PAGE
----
Alexander Lukashenko, the first and only president of Belarus, a man who is often referred to as Europe’s sole dictator, has been lashing out like a cornered animal since mass protests began in his country following his dubious re-election in early August. It’s clear that most Belarusians actually supported Lukashenko’s opponent, Sviatlana Tsikhanouskaya, a woman who has since fled with her children to Lithuania.
The anti-Lukashenko opposition, comprising hundreds of thousands of people, has never been so vocal, and thousands of protestors have been detained by state police, beaten, and tortured. When it became clear that protestors would not be deterred by such violent reactionary tactics, Lukashenko’s administration began targeting leaders in the uprising.
One day after 200,000 protestors staged a demonstration in Minsk, a Coordination Council was formed to work toward a peaceful resolution to a national crisis.
Since then, however, most members of the council have been arrested or exiled, including, most recently, lawyer Maxim Znak. Svetlana Alexievich, the Belarusian journalist and historian who received the Nobel Prize in Literature in 2015, is the last original member of the Coordination Council who is active in Belarus.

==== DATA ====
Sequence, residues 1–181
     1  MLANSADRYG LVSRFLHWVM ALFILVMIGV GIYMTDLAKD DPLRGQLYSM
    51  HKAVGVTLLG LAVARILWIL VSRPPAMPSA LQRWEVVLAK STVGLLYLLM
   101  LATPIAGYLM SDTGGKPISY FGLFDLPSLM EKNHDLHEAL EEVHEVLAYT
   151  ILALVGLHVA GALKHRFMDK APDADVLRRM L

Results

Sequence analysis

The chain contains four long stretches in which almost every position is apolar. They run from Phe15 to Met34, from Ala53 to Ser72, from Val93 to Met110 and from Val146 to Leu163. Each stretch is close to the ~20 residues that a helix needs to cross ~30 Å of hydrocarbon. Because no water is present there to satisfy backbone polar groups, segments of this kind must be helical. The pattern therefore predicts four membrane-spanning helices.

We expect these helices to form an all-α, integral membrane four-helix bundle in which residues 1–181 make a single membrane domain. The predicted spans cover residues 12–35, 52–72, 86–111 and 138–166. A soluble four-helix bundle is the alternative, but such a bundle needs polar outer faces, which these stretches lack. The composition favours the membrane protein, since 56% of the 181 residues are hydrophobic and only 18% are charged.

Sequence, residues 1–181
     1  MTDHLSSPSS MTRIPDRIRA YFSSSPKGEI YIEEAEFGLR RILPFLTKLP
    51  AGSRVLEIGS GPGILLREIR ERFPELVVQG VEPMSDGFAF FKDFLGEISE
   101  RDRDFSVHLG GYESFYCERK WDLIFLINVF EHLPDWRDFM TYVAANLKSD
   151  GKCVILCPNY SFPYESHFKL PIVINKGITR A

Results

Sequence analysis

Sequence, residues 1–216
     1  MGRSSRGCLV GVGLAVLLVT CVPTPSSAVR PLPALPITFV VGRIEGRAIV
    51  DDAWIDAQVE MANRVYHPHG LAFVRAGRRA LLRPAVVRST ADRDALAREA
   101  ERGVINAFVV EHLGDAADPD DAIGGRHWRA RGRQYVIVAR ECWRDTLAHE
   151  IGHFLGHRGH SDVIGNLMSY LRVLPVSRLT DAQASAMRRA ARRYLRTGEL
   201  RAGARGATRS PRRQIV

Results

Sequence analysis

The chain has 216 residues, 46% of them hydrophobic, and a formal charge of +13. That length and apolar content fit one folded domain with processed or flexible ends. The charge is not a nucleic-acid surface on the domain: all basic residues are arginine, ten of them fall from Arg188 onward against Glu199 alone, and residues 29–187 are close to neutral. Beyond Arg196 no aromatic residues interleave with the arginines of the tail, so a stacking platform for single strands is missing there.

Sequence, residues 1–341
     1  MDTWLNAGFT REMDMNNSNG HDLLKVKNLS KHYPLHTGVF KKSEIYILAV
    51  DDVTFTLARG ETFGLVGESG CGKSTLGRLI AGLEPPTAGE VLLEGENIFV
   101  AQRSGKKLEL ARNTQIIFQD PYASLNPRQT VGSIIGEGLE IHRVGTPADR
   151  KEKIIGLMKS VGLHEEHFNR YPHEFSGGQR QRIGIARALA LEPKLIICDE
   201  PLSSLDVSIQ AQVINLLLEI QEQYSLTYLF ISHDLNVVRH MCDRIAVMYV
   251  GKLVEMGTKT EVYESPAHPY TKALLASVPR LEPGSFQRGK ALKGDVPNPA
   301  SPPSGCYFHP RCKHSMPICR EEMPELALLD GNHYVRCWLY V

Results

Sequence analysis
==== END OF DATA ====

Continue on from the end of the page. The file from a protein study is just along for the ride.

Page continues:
Last month, Alexievich had been the subject of a criminal investigation by Belarusian authorities who accused her of undermining national security. Despite the intimidation attempts, Alexievich has refused to leave her country.
After people in ski masks attempted to break into her apartment, Alexievich, arguably the most popular Belarusian cultural figure, asked supporters to come to her home in Minsk. By Wednesday morning, pictures were circulating of Alexievich surrounded by journalists, fans, and sympathetic European diplomats.
In a conversation with the New Yorker‘s Masha Gessen this week, Alexievich called this show of support “resistance through presence.” Thousands of volunteers have submitted themselves for consideration to join a new version of the Coordination Council called the Expanded Council, whose members will be anonymous.
Despite her fear and uncertainty, Alexievich knows that her actions carry weight for the people of Belarus. “I don’t want people to lose the last remaining hope,” she told Gessen. “So I’m going to be here to the end.”